He was happy about the Muslim solider who shot and killed a soldier and wounded another at a Little Rock Military recruiting station. Hasan said Muslims should rise up against the aggressors. Maybe we should have more of these…..strapping bombs on and going into Times Square”.

  20. Anderson says:

    Davod makes my point for me. Were all of this guy’s commanding officers agents of the Muslim Brotherhood? Because it’s beginning to look like they practically were pulling the trigger yesterday at Ft. Hood. This guy was an obvious disaster waiting to happen, and if anyone did anything, we haven’t heard about it yet.

  21. Steve Plunk says:

    Perhaps his superiors were afraid to raise objections for fear of being politically incorrect and castigated for it. After all how can the “religion of peace” have anything to do with violence of this kind?

    I don’t want to run down Muslims in this country but we have to face reality. There are those on the margins that will break the wrong way in certain circumstances. Ignoring the religious fervor of those types is ignoring the threat. We still don’t profile these threats the way we should. Law enforcement profiles the young, the poor, and even the minorities yet we still refuse to profile based upon religion or national origin. It’s time for a serious discussion about this.

  22. anjin-san says:

    I don’t want to run down Muslims in this country but we have to face reality. There are those on the margins that will break the wrong way in certain circumstances

    This could just as easily be true of atheists, Jews, Christians & so on. All religions produce murderers and individuals who are unstable and dangerous to varying degrees. Folks who hold no real religious views at all have been known to snap. Playing up the religious aspect of this tragedy is fear-mongering.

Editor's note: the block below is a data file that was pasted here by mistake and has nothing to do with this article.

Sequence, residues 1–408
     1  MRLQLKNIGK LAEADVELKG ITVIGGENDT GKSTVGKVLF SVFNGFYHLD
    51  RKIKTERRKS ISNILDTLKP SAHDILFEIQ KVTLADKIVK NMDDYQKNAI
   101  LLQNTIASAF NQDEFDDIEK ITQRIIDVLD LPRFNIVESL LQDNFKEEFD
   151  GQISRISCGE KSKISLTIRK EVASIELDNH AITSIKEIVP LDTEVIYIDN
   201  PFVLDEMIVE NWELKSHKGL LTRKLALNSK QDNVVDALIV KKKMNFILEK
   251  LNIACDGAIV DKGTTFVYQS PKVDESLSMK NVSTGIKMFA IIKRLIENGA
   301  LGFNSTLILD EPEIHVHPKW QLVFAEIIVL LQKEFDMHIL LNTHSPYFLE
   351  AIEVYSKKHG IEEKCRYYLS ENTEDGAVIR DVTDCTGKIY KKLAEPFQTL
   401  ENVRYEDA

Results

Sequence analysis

23. PD Shaw says:

    Anderson, listening to many of the people recount their stories on TV today (I was home sick), it struck me that there was a lot of tolerance in their treatment of someone they thought a religious nut. That will probably get lost in the other stories about the slurs he received, but in some ways it was remarkable.

  24. G.A.Phillips says:

    This could just as easily be true of atheists, Jews, Christians & so on. All religions produce murderers and individuals who are unstable and dangerous to varying degrees. Folks who hold no real religious views at all have been known to snap. Playing up the religious aspect of this tragedy is fear-mongering.

    Anjin, you got some good reason here, but fear mongering by bringing up his views, and what he was screaming when he was murdering people? Unarmed brothers in arms that happened to be the people that were doing or going to do the things he was pissed about, those are facts, and mostly facts that show he had changed sides.

  25. anjin-san says:

    but fear mongering by bringing up his views

    We are almost certainly dealing with an unstable, possibly totally deranged individual here. Do we hold all upper middle class white kids as somehow accountable for the Columbine massacre? Do their actions somehow show that Americans are inherently unstable or violent, or that the middle class lifestyle is a failure? I think not.

  26. anjin-san says:

    After all how can the “religion of peace” have anything to do with violence of this kind?